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Will We Have Enough Food in 2050?

Oct 15, 2011 • Demand, Supply, and Markets, Developing Economies, Economic Debates, Economic History, Economic Thinkers, Environment, Households, Innovation, International Trade and Finance, Thinking Economically • 234 Views    No Comments

The world is getting richer. And richer people eat more meat. And the animals they eat consume more food. Also, everyday, the world has more people.

The bottom line? According to a study from Nature, we have to double the world’s food supply by 2050.

The good news is that the study’s authors have 5 suggestions for increasing the world’s food supply. The bad news is that they appear not to have taken economics.

First, the suggestions:

  1. Stop the spread of agriculture. For example, we should not replace forests with farms.
  2. Increase the yield of “underperforming” acreage. Comparing Africa to Illinois, the wheat yield is 1 to 6.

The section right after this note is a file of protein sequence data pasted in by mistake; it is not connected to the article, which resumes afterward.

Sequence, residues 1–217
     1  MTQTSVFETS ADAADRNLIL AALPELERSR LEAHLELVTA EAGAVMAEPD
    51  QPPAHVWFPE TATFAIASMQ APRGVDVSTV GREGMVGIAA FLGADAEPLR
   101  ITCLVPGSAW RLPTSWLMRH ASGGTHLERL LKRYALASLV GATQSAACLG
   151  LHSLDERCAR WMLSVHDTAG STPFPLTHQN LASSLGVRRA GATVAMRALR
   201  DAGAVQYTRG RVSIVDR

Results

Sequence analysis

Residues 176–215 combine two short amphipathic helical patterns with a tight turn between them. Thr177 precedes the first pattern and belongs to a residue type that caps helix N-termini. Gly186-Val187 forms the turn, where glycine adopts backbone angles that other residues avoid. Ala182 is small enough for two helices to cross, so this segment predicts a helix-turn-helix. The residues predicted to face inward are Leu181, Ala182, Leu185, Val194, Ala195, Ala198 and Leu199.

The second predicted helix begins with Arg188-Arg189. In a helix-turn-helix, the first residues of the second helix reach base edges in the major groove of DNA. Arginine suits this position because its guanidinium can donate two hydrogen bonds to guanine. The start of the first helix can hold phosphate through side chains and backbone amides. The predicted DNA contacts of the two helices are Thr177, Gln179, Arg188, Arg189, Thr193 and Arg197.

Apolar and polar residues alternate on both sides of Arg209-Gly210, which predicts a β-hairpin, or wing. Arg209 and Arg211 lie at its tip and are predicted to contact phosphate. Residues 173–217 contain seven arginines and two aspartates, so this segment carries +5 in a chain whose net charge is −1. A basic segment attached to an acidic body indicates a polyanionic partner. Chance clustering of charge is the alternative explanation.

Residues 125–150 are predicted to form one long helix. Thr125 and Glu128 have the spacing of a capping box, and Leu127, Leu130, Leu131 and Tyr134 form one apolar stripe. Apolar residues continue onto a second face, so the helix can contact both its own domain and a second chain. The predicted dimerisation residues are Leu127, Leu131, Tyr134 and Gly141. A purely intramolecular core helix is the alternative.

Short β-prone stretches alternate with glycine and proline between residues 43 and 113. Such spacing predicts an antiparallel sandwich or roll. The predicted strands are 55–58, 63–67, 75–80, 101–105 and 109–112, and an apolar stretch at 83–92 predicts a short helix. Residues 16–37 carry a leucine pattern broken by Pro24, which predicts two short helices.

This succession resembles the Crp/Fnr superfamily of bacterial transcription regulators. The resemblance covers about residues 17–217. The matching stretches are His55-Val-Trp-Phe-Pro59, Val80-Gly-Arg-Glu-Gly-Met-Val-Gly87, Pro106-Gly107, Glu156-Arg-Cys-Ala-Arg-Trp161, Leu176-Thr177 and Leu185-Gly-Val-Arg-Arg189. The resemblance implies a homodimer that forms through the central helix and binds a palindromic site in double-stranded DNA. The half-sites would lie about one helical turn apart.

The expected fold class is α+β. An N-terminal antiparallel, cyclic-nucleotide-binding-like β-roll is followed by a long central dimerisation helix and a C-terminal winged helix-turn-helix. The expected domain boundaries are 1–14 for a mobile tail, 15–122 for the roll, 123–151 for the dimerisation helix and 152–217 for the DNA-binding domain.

3. Enhance “cropping efficiency.” Fertilizer and water might be used more efficiently.
  4. Change what we eat. If we eat less meat then we have fewer animals to feed.
  5. Diminish waste. Rich countries throw away a lot. In poor countries food spoils.

According to NPR, at a recent presentation, one of the study’s authors was asked, “What about economics?” If economic incentives created our plight, then don’t we need new incentives? What, for example, will stop newly affluent consumers in China from eating more meat?

Here is a past econlife post on feeding the world.

The Economic Lesson
Perhaps one of the first environmentalists, Reverend Thomas Malthus (1766-1834) told us in 1798 that population grows geometrically while resource production expands arithmetically. Consequently, resource prices will rise and supply will become increasingly inadequate.

An Economic Question: For each food supply solution listed above, what incentive would you suggest?

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